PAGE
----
UnitedHealth launching post-discharge home program for group Medicare Advantage plans
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UnitedHealthcare will soon be launching UnitedHealthcare Healthy at Home, the insurer said last week, an offering that’s designed to help retirees safely transition back home after being discharged from a hospital or skilled nursing facility.
Specifically created for Group Retiree Medicare Advantage plans, the plan is geared around providing access to benefits that address a range of social needs, with an eye toward keeping retirees healthy in their homes. Access will be facilitated through employers and plan sponsors.
WHAT’S THE IMPACT
Included in the new program is post-discharge meal delivery, which will provide up to 28 meals (two meals per day for two weeks) following all inpatient or skilled nursing facility discharges for retirees when referred by a UnitedHealthcare advocate. These advocates, UnitedHealth said, will contact patients following their discharges.
Post-discharge transportation will also be provided, and will include up to 12 one-way rides to and from medically related appointments and to the pharmacy following every inpatient or skilled nursing facility discharge.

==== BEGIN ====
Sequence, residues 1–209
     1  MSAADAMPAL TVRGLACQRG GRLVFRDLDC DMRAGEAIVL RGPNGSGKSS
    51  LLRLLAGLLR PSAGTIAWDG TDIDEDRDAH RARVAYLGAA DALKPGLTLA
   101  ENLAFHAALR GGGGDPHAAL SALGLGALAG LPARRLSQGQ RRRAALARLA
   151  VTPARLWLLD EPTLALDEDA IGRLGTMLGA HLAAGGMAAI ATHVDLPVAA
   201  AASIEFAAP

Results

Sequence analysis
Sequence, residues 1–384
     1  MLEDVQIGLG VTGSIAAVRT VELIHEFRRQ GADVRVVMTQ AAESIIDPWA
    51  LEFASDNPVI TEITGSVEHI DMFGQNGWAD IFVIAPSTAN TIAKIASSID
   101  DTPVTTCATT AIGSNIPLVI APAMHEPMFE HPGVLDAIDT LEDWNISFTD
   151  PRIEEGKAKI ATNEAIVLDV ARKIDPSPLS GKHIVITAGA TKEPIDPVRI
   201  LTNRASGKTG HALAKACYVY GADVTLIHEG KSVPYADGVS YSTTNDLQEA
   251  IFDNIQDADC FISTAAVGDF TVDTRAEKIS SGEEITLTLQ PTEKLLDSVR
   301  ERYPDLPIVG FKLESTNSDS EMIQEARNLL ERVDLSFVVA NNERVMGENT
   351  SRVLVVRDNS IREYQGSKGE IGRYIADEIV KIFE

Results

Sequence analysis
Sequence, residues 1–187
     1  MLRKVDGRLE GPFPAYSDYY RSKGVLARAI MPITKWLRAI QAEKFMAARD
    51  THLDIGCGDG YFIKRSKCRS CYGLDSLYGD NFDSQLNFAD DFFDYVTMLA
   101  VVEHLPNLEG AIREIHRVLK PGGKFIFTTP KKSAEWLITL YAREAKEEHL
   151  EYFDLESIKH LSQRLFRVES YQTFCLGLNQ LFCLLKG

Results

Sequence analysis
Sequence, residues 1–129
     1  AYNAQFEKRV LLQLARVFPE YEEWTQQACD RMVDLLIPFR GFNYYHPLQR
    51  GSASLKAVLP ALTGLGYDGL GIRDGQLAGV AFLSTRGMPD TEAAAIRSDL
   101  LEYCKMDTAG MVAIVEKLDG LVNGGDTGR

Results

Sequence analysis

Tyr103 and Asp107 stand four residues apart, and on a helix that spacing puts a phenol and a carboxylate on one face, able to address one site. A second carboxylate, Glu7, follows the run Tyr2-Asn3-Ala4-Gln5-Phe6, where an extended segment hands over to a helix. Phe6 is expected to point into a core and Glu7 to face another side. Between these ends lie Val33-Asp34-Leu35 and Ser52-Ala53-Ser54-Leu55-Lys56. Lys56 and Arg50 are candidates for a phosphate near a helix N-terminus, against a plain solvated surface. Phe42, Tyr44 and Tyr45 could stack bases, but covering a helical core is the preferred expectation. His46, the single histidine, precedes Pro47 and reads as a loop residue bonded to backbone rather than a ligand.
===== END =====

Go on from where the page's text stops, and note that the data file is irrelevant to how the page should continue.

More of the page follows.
The final component is in-home personal care, which will provide up to six hours of in-home care following all discharges. Retirees will receive assistance with daily living activities to support their recovery, and follow-up care to help reduce the risk of hospital readmission.
Services will be available every time a retiree is discharged from a hospital or skilled nursing facility. UnitedHealthcare Healthy at Home is being made available to employers with Group Retiree Medicare Advantage plans beginning Jan. 1, 2022.
THE LARGER TREND
In a working paper published in September 2020 from the Mercatus Center, a free-market-oriented think tank based out of George Mason University, professor Philip E. Auerswald argued that removing labor market barriers and technical barriers to entry are vital for realizing the benefits of in-home healthcare.
Home healthcare, as Auerswald describes it, comprises medical house calls, health agency care, technologies such as remote patient-monitoring devices and telehealth.
In March, the U.S. Department of Justice said it was pursuing an investigation of UnitedHealth Group’s $13 billion acquisition of data analytics company Change Healthcare, spurred in part by a letter sent to regulators this month by the American Hospital Association raising antitrust concerns.
According to Change Healthcare in a filing with the Securities and Exchange Commission, both it and UnitedHealth Group received a request for additional information from the DOJ in connection with the ongoing review of the merger, which pushed back the initial 30-day window of the investigation.